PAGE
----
She felt beautiful. She forgot all the words ever heard from elsewhere, from any and all men, and now heard only his words repeating in her mind, coming again and again to her in the small bath of light as though she was stepping away from a river pool and into his direct sight, her clothes in his hand, him tossing them away. Significant warmth flooded her, flooded her senses, flooded her person in that simplest of flames. Her mind leaped for justifications, rationalities, personifications so extreme she was not sure she recognized them.
When, from his cell, from his cot of sleep, he said, “I was right from the first word, your being the most beautiful woman I’ve ever seen,” she froze in place, his eyes not devouring her but paying some kind of tribute to beauty and what it carries about with it as innocent as a babe. She might have reached for a gun that wasn’t there at her waist. She might not have. He still looked at her with the dark eyes of charm, of no surprise, of no hellish intention, the innocence of a baby came again. It carried her back to her cot, out of his sight, no panic in her movements, and no claims or innuendoes in his voice, the lamp glow still a small arc of pink and gold, for a moment a halo of purity, no guile visible in his motion as he stood beside the bunk, in the cell, on the other side of the bars.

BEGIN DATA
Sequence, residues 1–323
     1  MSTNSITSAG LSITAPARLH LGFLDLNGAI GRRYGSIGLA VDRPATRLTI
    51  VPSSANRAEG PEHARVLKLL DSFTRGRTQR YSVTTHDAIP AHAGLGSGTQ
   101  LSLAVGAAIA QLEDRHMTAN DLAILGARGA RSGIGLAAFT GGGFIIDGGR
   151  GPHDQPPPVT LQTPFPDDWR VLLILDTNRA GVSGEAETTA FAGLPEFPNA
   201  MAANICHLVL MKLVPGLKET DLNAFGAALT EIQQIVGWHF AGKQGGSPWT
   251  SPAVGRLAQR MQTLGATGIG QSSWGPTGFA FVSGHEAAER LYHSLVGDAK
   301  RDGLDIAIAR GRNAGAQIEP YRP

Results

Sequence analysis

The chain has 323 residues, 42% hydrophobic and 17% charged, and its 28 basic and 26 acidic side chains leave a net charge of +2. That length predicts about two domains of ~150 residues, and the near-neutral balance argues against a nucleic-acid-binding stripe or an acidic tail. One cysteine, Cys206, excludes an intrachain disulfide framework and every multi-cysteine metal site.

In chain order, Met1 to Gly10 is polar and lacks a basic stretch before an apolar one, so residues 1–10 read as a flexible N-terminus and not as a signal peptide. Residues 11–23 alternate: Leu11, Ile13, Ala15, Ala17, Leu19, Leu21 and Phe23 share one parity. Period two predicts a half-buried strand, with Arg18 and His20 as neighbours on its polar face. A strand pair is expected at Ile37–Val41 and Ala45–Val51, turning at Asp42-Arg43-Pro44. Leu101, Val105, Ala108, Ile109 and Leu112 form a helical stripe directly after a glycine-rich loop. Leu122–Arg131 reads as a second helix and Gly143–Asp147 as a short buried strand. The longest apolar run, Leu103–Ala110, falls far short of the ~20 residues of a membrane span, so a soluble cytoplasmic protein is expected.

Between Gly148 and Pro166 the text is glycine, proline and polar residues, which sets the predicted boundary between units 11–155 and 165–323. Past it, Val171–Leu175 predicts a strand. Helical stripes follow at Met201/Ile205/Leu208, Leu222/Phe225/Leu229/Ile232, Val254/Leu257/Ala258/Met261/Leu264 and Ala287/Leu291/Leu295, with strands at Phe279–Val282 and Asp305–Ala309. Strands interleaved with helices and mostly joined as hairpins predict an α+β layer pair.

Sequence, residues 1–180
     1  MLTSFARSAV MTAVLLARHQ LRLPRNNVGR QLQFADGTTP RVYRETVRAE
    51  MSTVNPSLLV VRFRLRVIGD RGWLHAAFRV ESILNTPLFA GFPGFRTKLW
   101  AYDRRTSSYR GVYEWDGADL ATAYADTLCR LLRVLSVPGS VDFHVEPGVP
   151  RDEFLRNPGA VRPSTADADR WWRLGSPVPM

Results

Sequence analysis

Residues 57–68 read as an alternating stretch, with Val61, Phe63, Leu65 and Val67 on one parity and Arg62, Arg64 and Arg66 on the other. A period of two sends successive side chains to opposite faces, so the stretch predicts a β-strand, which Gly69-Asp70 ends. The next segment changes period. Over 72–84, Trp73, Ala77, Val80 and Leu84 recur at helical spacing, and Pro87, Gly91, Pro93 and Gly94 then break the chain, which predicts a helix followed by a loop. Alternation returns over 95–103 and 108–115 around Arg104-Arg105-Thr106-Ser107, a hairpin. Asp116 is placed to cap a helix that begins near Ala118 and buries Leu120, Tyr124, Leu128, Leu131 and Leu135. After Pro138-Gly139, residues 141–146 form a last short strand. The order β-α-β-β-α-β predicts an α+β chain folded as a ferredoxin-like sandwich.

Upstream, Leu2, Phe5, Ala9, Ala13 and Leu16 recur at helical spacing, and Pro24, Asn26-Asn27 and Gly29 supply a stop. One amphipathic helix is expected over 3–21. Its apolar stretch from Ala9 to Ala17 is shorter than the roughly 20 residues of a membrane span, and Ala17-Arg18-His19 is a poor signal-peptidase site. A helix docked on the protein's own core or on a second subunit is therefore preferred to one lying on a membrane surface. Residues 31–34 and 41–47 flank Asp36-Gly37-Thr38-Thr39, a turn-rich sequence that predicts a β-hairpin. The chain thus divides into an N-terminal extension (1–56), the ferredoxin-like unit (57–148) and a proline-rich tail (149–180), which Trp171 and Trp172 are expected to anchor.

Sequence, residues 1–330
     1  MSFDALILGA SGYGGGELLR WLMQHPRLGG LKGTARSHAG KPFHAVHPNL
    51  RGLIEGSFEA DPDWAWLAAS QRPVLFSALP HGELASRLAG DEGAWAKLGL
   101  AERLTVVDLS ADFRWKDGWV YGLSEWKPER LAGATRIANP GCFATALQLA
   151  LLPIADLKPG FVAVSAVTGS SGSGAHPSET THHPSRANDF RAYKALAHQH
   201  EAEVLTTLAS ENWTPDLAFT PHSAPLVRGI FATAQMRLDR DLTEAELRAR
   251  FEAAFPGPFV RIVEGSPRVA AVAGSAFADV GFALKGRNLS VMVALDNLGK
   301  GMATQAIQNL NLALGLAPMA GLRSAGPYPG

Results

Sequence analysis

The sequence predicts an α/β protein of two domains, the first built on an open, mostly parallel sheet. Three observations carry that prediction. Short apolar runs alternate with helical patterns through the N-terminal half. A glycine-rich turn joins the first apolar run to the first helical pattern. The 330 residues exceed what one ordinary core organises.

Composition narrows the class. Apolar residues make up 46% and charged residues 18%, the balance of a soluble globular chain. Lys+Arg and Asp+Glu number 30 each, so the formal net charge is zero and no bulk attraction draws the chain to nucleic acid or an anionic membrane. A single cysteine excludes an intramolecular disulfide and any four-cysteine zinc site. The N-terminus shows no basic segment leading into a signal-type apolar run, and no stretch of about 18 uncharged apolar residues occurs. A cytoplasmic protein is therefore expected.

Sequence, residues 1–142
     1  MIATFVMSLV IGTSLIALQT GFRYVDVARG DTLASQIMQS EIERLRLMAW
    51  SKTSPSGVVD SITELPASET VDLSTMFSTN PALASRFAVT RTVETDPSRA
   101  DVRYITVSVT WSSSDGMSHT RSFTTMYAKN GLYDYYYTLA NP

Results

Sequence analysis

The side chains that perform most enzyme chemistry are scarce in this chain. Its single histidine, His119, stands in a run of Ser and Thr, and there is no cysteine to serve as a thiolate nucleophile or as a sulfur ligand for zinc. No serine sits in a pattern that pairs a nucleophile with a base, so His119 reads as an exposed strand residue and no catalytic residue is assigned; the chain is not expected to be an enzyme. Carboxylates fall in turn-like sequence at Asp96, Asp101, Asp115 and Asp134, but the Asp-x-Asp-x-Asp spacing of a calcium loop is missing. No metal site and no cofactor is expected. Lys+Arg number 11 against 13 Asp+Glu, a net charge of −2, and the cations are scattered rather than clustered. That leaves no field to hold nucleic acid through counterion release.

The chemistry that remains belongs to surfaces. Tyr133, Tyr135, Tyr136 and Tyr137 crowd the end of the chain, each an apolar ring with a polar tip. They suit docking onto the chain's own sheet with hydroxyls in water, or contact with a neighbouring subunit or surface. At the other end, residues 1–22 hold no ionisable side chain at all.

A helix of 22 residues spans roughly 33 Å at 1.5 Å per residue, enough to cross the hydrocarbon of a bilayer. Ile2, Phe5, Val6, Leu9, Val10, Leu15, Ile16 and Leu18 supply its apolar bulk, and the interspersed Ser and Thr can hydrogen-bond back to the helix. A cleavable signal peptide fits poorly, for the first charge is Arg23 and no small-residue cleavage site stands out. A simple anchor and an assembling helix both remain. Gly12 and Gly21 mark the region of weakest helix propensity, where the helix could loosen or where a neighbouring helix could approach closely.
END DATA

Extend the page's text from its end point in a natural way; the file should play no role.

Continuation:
The owl, from a high and hidden perch in town, stretched night with its call, but all was silent beyond that perch. Crown, standing yet, said nothing more, and the sheriff, fully dressed, rolled in her cot towards the outer wall of the jail, in pursuit of a dream and not a criminal soon to hang for his deeds.
Sleep, as swift as medicine, like a totem from the far past, clutched her away to solid and desperate sleep.
When she woke, lazily, tauntingly, from her deepest dreams in years, she felt a strangeness move past her as stealthy and as real as a mountain lion on the prowl, a shadow among shadows, a presence among presences, a dim lamp in a huge cave, mayhap the candle of a soul. Something devastatingly mysterious, out-of-this-world-ish. She swore an inordinate being, perhaps a specter, a ghost from the unknown beyond, was moving about in the jail, clinking iron, breathing air near her, and dreamt a face and a pair of eyes were looking down on her. From that bed of dreams she leaped, saw the cell door wide open, the cot empty, her prisoner, her dream, gone into the night.
She wondered, with sudden realization, what this day would bring to her after this night, momentarily saw a pool in a mountain stream flooded by moonlight, came to her sudden senses as her deputy stood, mouth wide open, eyes at alarm, in the doorway of the jail, his pistol in hand.
Beyond him was the owl of a single hoot, the thick but empty darkness of the jail and, eventually, a wide silence bound to stay with her longer than she’d warrant.
Black Limb, a town in the Dakota territory, was still asleep.